We erred in Olson when we implied that the possible maximum sentences in Olson and Nodine were "identical," State v. Olson, Or. App., 89 Adv.Sh. at 348, 459 P.2d 445. And we erred in the same context when we said the charge in Collis, supra, was first degree murder. The charge there was assault with intent to kill. We conclude that the use of Rule 46 in Nodine was not authority for its use in Olson.
Our present appraisal of the effect of Nodine on the instant case is consistent with State v. Abel, 241 Or. 465, 406 P.2d 902 (1965), where the Court approved the trial judge's refusal to give an additional instruction when exception was taken after the case was submitted to the jury."* * * [I]t is still the rule in this state in criminal as in civil cases that `a question not raised and preserved in the trial court will not be considered on appeal:' State v. Braley, 224 Or. 1, 9, 355 P.2d 467, 471. The rule is relaxed in exceptional circumstances, particularly in what were formerly capital cases * * *. "* * * "* * * The rule of court referred to [that requested instructions must be submitted in writing before the jury charge] is not only a reasonable one, but it accords with the general rule as enunciated in State v. Nodine, 198 Or. 679, 687, 259 P.2d 1056, 1059: `Considerations of orderly procedure and of fairness to the state and the trial judge suggest that the matter be brought to the attention of the judge and of opposing counsel before the commencement of the charge.' In the Nodine case, which was a prosecution for the first degree murder, we allowed an exception to the rule, but there are no circumstances present in this case which call for a similar course. There was no error in the ruling." (Emphasis supplied.) State v. Abel, 241 Or. at 467, 474, 406 P.2d at 903.
The opinions both in Nodine and Abel were written by Mr. Justice Lusk.
The observations in this opinion about our holding in Olson are consistent with what we said in State v. Miller, Or. App., 90 Adv.Sh. 899, 903, 467 P.2d 683, 686 (1970).*805 "* * * In Nodine, a murder prosecution, discussing the failure to request instructions, the court stated: `Nevertheless, in a case where human life is at stake, we are not prepared to apply a procedural requirement of this kind, salutary though it may be, in all its strictness * * *.' 198 Or. at 687, 259 P.2d 1056. The procedural rule requiring instructions be requested was not followed. In Olson we held the same reasoning applied in attempt cases because the punishment was identical. It was not our intention in Olson to extend the holding in Nodine to other than murder cases. Indeed, whether the holding in Nodine remains viable now that the death penalty has been abolished is a question worthy of consideration in an appropriate case."
Olson was not what was formerly a capital case. Further, it now seems doubtful to us that there were other "exceptional circumstances" which merited application of Rule 46. As already indicated, we conclude that we were in error in that case. The case at bar is not what was a capital case at the time Nodine was decided, and it has no other exceptional circumstances which merit application of Rule 46.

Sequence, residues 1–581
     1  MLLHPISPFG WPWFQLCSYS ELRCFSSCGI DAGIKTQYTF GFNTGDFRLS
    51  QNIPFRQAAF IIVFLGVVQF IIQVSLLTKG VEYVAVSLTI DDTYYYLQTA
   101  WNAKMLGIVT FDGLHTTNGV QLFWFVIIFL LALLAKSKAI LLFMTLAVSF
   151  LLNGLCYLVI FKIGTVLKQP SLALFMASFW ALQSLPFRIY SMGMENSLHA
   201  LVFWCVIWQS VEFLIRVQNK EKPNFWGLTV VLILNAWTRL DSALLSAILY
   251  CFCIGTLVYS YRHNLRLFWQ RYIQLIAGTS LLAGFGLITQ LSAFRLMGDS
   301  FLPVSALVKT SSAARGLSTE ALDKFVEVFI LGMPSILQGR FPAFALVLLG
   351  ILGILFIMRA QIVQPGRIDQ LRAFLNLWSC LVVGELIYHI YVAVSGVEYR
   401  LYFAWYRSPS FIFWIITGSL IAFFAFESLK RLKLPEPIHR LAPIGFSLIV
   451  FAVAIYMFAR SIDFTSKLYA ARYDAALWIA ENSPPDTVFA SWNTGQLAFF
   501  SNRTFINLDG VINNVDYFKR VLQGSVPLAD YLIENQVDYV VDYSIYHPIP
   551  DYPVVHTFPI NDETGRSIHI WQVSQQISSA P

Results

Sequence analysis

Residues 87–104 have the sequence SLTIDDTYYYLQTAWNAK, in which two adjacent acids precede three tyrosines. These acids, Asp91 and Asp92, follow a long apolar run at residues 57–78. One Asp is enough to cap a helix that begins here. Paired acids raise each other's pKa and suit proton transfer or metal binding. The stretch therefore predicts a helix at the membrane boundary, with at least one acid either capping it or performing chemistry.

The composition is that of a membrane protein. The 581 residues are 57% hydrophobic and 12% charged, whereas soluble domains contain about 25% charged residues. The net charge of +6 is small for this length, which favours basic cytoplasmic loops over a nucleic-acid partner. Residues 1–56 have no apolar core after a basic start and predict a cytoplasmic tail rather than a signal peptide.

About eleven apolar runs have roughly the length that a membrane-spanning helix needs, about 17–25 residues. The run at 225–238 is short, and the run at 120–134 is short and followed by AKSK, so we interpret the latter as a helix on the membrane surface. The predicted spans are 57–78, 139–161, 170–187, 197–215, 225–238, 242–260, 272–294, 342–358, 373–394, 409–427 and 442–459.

In the instant case no request for an instruction on a lesser included offense was made prior to charging the jury, and, therefore, we will not consider the alleged error. This is for the salutary procedural reasons mentioned by Mr. Justice Lusk in Nodine and Abel. It also is because the defendant in any such case, may, as a trial tactic, forego requesting an instruction on a lesser included offense. He thus may gamble on the possibility that the jury will acquit him of the major offense, although it might, if given the opportunity, find him guilty of a lesser included one. If he loses his gamble and is found guilty of the major offense, and were we to adhere to our former decision in Olson, the defendant could get another trial with attendant delay, possible loss of evidence, and injustice to the prosecution.
If we were to hold that it is the duty of the trial judge to detect a situation where the lesser included offense instruction should be given, and give it, the defendant, if he is taking a chance on all or nothing, can then complain, regardless of whether the complaint might be justifiable, that the court is interfering with his trial strategy and claim that as error. The defendant is entitled to but one fair trial and we find that he had it in the case at bar.
FORT, Judge (specially concurring).
If I correctly understand the majority opinion, it holds that application of Rule 46 is no longer possible in Oregon in any criminal case in which a defendant has failed to request instructions concerning an included offense unless the crime charged is a capital offense. Together with State v. Miller, Or. App., 90 Adv.Sh. 899, 467 P.2d 683 (1970), it strongly suggests that since the death penalty has been repealed it logically follows that the rule of State v. Nodine, 198 Or. 679, 259 P.2d 1056 (1953), has died with it. I am unable to accept that conclusion in view of the fact that in Nodine the jury's verdict "of murder in the first degree with recommendation of life imprisonment" under the then existing law required imposition of a life sentence. § 23-411, OCLA.
It is not clear to me which of the following rules the majority is adopting: